Salem church joins legal effort to overturn governor’s COVID-19 orders

(Courtesy/Wikimedia Commons)

Salem-based Peoples Church and nine other churches across Oregon have sued Gov. Kate Brown to force her to remove state restrictions on religious services and other activities.

The complaint was filed in Baker County Circuit Court on Wednesday by the Pacific Justice Institute, a California-based legal group focused on religious liberty issues. In addition to the churches, about 20 pastors and congregants Medford, Lake Oswego, Lebanon, Grants Pass, Roseburg and others.

The complaint argues that three executive orders issued by Brown in March to prevent the spread of COVID-19 violate constitutional protections for religious freedom as well as a provision in the Oregon Constitution.

Ray Hacke, a Salem attorney with the Pacific Justice Institute who filed the complaint, said that reached out to churches across the state and found many were eager to sign on. Churches outside Salem named as plaintiffs are from Baker City, Bend, Klamath Falls, Portland, Lincoln City, Newberg, Camas Valley.

Brown’s orders have shut many businesses and institutions. Others, including retail and manufacturing, have been allowed to remain open if they can maintain enough space to keep people apart. Hacke said such social distancing standards don’t work for churches.

“Churches, I would say, are an essential part of the lives of those who attend,” said Hacke.

He said he’s heard how congregants can’t lay hands on one another, can’t shake hands, or greet a newcomer and they can’t perform baptisms or communions. Offering the same services several times during the day to keep congregants spread out isn’t practical, he said.

The complaint comes as Brown (whose office didn’t respond to an email seeking comment) unveiled a plan on Thursday to begin lifting restrictions. But Hacke said Brown’s orders are illegal.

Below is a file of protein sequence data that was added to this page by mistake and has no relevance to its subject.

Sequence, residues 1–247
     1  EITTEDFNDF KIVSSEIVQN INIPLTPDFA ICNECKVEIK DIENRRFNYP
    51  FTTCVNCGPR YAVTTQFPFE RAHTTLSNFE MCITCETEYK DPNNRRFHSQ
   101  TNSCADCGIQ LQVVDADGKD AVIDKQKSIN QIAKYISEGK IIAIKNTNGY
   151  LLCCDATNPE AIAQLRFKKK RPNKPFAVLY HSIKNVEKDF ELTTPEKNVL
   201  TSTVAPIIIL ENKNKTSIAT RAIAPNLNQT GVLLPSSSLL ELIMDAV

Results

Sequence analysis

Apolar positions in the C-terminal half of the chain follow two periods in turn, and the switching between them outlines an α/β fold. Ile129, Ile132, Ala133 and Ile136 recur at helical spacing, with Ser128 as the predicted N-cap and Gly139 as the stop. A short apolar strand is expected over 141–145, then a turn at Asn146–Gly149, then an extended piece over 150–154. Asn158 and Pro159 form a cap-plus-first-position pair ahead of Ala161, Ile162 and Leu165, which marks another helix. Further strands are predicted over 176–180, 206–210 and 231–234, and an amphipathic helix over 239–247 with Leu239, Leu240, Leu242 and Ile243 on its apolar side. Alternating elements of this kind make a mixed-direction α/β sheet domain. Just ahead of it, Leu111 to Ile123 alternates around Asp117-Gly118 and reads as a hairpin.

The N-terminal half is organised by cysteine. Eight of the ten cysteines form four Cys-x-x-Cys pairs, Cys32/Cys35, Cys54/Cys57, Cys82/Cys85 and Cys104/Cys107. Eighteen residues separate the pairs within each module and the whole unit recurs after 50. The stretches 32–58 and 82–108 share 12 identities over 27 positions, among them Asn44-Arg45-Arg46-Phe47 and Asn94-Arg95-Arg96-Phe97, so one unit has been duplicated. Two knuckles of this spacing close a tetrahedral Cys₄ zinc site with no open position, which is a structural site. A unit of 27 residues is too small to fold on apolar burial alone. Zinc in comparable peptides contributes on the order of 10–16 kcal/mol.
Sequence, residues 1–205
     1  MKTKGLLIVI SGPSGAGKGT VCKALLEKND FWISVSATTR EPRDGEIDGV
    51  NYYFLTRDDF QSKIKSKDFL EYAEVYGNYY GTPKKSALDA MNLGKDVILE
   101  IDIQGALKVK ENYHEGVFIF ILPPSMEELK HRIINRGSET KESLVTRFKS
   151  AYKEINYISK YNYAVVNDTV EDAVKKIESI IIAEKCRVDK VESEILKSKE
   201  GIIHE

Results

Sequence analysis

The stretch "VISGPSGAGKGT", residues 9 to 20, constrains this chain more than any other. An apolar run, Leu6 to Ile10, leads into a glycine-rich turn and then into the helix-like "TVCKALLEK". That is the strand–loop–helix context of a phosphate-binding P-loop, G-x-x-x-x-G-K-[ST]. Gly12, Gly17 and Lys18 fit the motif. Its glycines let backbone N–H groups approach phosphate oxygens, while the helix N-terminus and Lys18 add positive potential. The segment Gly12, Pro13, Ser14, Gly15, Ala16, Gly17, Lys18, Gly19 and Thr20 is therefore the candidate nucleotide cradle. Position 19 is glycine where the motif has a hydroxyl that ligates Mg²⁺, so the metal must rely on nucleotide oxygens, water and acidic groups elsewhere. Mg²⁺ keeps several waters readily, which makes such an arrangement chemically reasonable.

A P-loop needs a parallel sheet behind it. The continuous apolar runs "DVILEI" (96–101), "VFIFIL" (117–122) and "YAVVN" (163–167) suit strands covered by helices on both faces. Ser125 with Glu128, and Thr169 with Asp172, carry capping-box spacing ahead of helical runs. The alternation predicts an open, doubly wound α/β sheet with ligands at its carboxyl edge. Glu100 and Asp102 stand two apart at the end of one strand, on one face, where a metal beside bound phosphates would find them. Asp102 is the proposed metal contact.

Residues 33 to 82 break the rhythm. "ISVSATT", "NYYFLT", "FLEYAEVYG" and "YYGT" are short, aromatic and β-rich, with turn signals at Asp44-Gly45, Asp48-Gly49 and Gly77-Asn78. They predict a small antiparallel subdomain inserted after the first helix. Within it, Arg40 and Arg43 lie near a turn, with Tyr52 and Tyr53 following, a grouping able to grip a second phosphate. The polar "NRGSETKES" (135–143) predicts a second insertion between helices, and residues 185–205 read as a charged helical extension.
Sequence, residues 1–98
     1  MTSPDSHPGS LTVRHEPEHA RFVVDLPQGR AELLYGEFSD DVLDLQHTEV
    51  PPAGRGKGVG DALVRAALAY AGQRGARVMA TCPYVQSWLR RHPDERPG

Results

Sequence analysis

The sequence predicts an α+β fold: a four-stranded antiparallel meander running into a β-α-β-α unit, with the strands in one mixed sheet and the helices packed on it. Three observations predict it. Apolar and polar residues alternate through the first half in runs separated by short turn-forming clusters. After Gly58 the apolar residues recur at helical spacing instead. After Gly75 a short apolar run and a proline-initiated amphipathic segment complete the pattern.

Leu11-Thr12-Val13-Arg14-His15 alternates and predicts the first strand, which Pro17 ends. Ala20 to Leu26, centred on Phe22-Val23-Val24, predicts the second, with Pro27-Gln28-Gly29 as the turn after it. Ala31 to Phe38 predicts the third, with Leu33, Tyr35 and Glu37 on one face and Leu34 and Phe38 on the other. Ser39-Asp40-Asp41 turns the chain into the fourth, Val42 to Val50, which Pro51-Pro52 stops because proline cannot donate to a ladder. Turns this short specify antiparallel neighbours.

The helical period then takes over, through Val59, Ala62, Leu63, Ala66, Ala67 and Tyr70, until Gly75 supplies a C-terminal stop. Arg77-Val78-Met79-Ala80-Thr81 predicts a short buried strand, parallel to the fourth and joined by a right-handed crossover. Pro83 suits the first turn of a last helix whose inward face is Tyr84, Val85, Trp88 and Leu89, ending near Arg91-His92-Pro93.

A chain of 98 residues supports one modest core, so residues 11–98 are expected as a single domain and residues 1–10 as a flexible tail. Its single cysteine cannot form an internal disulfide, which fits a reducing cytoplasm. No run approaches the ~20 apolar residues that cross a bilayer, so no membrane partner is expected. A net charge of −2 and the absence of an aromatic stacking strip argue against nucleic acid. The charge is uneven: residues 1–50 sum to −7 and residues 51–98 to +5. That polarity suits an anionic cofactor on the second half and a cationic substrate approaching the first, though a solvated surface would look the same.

The complaint argues that under Article X-a, section 6 of Oregon’s constitution, the governor can only exercise emergency powers for 30 days after declaring a public health emergency. The constitution then requires the Legislature to authorize an extension of those powers, the complaint argues. The complaint asked that a judge rule Brown’s orders have expired and are of no further effect.

Hacke said that even if the Legislature extended Brown’s powers, the restrictions on churches would still run afoul of constitutional protections for religion.

“It’s called the free exercise of religion,” he said. “It’s not free if the government is dictating how it can be done.”

A call to Peoples Church Pastor Scott Erickson seeking comment wasn’t immediately returned. The church’s website notes that services are live streamed. It also invites worshippers to “drive-in” church by parking  in the lot at 4500 Lancaster Dr. N.E. and tune in on their radios.

Contact reporter Jake Thomas at 503-575-1251 or [email protected] or @jakethomas2009.

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